Interview with Ron Bingham
The following are extracts from emails exchanged between myself and Ron
starting in February 2005. I found Ron when I replied to his advert on
a BBC website searching for friends he had when he worked for Foster Clarks
in the 1950’s. Explaining the research I was doing he was very pleased
to help out. If you are keen to contact Ron I know he would love to hear
from anyone he knew back then and you can contact him via us at email@example.com
. Also please use that address if you have anything to add to Ron’s
“I found the Company a most fascinating place to work in. Being
a Scot my introduction to this very Conservative ("old Fashioned"
would have been a better way to describe my first impressions of the Company)
not the technology but the hierarchical structure of management from the
I joined them as Canning Process Manager in April 1955 and left their
employment just before they were taken over by St. Martin in 1959.”
Ron explained in his first email.
“I loved the Company! As for the senior management not a happy work
environment!! Please understand I have no axes to grind and I will tell
you how I saw Foster Clarks in my day to day ups and downs as a production
manager. With up to a peak of nearly 600 mainly female employees and lots
of variable products to place in cans, working long hours mainly in the
summer months it was quite a hard job!”
Ron goes on to mention the other side of the company,
“I kept a keen interest in the other side of the business, the Eiffel
tower range of powders, the custard powder and jellies and the other odd
for their time quite unique products.”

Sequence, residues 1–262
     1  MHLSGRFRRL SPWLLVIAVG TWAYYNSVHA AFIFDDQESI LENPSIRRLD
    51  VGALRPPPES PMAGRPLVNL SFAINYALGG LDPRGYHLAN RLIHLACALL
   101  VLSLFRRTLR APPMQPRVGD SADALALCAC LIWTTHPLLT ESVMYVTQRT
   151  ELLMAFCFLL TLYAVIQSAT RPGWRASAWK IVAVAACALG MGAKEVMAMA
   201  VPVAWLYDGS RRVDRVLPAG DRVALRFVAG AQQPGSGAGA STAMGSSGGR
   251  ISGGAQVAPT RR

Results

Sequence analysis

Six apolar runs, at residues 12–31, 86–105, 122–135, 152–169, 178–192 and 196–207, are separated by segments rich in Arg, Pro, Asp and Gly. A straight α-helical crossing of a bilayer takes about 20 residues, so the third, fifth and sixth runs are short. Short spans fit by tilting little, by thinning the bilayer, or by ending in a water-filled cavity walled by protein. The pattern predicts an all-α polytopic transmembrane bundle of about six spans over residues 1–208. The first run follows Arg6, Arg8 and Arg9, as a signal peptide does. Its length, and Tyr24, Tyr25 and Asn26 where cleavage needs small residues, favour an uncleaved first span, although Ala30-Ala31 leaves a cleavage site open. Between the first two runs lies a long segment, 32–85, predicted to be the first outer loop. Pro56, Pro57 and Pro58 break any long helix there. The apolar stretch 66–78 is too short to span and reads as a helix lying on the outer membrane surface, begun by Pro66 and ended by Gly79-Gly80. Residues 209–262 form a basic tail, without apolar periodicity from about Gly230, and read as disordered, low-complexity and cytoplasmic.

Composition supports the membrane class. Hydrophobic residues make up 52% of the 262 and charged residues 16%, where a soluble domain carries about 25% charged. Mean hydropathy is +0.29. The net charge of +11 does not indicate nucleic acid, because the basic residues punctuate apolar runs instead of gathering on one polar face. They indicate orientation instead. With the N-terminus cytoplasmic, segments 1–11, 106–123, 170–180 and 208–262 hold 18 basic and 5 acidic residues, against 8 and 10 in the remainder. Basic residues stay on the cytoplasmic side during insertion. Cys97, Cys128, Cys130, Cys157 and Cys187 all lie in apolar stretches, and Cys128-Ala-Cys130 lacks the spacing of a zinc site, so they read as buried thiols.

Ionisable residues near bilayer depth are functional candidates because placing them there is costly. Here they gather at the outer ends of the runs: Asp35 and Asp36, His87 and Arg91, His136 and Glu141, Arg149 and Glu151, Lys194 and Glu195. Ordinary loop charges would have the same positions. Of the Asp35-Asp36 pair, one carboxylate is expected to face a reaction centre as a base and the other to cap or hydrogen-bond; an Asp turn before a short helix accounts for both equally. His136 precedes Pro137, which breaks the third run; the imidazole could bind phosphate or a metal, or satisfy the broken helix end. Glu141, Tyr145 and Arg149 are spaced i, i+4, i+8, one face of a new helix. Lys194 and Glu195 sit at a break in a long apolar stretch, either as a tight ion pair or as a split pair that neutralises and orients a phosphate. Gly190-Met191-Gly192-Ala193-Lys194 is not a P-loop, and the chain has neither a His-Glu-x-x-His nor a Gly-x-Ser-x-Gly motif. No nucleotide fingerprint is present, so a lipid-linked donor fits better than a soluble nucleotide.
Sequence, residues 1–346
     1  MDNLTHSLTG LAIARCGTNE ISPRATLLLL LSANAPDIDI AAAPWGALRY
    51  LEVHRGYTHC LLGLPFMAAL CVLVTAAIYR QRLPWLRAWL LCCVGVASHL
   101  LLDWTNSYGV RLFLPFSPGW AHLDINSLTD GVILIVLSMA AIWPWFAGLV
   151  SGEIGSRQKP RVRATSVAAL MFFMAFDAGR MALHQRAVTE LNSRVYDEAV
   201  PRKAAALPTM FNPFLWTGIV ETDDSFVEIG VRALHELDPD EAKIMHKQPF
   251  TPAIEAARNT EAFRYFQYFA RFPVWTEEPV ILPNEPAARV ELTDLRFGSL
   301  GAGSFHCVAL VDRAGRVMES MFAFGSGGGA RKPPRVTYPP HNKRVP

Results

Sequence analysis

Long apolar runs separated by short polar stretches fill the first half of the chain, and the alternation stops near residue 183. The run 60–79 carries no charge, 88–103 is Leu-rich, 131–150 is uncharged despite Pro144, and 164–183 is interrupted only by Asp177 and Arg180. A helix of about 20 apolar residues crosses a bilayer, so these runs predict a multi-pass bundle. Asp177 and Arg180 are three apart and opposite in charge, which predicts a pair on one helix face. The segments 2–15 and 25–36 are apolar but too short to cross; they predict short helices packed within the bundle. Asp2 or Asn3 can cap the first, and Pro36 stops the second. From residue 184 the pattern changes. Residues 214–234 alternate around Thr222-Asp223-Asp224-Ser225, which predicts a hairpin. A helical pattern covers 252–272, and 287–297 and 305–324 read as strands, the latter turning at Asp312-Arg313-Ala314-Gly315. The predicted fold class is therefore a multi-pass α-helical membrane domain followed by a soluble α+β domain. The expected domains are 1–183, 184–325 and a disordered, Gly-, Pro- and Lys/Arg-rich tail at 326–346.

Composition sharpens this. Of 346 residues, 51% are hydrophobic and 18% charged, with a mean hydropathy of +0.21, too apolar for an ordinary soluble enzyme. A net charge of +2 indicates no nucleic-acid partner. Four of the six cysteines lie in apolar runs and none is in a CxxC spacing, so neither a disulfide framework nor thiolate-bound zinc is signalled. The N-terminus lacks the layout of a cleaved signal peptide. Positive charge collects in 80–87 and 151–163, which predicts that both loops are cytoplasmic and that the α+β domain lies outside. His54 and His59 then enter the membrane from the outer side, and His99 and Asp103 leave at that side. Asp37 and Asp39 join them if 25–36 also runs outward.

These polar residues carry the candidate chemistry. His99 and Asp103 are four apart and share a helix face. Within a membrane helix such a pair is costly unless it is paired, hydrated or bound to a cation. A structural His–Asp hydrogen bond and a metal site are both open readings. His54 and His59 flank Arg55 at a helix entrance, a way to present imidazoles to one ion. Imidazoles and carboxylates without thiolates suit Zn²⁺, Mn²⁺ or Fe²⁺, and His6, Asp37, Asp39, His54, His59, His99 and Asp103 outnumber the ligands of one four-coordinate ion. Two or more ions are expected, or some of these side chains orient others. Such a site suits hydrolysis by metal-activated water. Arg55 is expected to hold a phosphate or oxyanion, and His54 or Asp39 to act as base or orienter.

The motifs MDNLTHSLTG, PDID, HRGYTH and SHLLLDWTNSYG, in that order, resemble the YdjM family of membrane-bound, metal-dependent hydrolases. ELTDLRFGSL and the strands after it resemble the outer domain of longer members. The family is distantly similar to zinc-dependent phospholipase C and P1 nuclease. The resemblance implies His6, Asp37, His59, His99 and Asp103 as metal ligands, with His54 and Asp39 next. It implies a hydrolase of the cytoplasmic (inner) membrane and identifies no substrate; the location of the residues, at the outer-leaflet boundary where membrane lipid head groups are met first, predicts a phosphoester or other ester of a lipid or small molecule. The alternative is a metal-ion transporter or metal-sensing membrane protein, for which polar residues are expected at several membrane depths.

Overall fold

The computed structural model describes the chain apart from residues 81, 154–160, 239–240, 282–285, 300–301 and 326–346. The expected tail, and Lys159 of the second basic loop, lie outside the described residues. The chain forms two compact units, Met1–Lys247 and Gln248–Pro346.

From this early email it was clear that Ron had some strong views
and opinions which I knew would make interesting reading and be a wonderful
incite into one employees opinion.
I decided to ask a simple question to start with which was how Ron,
a 26 year old Scottish married man had come to work in a factory in Kent.
I could tell at this early stage that Ron was concerned about offending
anyone, but I am glad to say his next email made clear he would speak
as he found.
“I have come to the conclusion that at my age in this particular
case that I could be a sole survivor, although I hope this is not the
case. Many of the people we will talk about were my personal friends and
for years I have been trying to find some of them from the Foster Clark
Days. Most of them were older of course, hence the worry about their possible
How were you recruited for the post?
“Quite conventional, paper advertisement, seeking a Canning
Process Manager, I think initially this was PA Management Consultants
in London. My first interview was with them. The next was in London with
Kenneth Proctor who was the factory manager. I will find his proper title
from some records I have somewhere. Onto a short list, then a final interview
in Maidstone with Proctor and the Chairman. My new wife was invited to
come along which was very promising!! Got the job and started in March
What were your first impressions of the factory?
“I can still see the lovely old red brick three storey office building
on that interview day , a cold early spring with snow on the ground but
the warm carpeted stairs leading to the chairman's office set that standard
of something that was old but with lots of quality and a little different
from my usual work place. And of course the smells, if you know anything
about food factories they all tell you what they make by the smell!!